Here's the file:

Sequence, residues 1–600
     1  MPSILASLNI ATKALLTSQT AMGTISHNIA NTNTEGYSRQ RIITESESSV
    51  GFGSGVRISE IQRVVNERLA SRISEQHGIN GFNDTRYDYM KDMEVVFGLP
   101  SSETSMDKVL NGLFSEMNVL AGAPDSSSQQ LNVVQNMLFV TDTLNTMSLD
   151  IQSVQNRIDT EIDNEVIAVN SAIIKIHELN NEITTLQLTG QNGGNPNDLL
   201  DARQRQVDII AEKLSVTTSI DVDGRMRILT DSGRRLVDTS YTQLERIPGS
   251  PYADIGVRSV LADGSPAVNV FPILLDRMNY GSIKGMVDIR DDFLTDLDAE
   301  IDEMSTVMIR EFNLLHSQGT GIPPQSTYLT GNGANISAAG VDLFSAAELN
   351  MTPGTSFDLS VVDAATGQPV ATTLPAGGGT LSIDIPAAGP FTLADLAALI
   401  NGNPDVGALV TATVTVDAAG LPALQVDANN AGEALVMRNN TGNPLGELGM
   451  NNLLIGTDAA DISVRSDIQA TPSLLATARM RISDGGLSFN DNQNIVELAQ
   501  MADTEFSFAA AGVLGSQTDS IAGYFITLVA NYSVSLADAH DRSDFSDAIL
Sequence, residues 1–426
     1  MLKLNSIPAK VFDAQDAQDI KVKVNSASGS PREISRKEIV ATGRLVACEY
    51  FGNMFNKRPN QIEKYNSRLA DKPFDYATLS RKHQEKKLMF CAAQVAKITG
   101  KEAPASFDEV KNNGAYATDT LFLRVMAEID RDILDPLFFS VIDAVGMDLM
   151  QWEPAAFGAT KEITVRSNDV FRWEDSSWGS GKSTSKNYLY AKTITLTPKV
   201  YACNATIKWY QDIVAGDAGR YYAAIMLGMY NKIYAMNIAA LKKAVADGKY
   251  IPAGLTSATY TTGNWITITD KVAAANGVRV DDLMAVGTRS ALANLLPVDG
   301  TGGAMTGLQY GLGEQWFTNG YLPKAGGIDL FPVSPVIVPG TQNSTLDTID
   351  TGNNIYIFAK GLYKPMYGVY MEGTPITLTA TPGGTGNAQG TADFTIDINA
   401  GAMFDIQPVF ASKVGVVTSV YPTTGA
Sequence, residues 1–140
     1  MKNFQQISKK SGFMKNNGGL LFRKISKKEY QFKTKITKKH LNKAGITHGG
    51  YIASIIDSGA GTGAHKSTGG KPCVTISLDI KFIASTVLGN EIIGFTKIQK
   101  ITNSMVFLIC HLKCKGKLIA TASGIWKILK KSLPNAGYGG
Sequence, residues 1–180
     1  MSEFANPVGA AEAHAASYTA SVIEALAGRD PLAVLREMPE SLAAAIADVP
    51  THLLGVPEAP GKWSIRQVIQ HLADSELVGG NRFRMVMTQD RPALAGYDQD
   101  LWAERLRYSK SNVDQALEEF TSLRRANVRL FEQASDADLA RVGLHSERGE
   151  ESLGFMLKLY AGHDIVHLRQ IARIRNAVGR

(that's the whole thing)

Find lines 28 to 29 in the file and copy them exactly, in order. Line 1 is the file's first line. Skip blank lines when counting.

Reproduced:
     1  MSEFANPVGA AEAHAASYTA SVIEALAGRD PLAVLREMPE SLAAAIADVP
    51  THLLGVPEAP GKWSIRQVIQ HLADSELVGG NRFRMVMTQD RPALAGYDQD